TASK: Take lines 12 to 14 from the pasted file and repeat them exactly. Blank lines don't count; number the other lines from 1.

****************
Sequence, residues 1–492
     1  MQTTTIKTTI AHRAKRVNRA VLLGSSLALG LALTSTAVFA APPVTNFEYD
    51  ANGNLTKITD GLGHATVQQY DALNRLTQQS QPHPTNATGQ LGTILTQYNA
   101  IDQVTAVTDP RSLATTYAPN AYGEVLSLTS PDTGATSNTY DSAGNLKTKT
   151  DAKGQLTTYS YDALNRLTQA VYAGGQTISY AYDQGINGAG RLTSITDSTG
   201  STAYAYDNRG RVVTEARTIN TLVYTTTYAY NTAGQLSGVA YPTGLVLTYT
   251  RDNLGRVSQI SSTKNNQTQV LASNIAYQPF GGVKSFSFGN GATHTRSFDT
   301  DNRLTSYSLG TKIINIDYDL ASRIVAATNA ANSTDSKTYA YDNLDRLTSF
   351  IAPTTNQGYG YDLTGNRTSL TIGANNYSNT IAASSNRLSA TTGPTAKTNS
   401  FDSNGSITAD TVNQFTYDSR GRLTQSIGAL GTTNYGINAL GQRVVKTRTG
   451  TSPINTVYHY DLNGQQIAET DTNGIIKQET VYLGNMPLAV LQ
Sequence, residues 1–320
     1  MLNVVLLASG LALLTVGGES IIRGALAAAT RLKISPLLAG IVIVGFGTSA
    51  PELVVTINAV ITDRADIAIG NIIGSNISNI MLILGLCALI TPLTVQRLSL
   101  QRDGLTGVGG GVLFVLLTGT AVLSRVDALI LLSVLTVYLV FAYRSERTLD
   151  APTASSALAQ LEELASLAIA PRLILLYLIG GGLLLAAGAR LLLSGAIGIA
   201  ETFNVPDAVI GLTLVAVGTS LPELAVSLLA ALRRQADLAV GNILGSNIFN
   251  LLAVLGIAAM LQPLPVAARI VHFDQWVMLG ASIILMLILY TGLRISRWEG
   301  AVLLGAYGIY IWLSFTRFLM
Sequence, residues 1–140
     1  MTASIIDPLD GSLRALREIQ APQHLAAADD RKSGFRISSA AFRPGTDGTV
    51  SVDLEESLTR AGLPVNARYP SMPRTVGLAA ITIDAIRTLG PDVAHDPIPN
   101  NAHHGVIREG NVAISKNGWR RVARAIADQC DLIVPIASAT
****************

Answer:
Sequence, residues 1–320
     1  MLNVVLLASG LALLTVGGES IIRGALAAAT RLKISPLLAG IVIVGFGTSA
    51  PELVVTINAV ITDRADIAIG NIIGSNISNI MLILGLCALI TPLTVQRLSL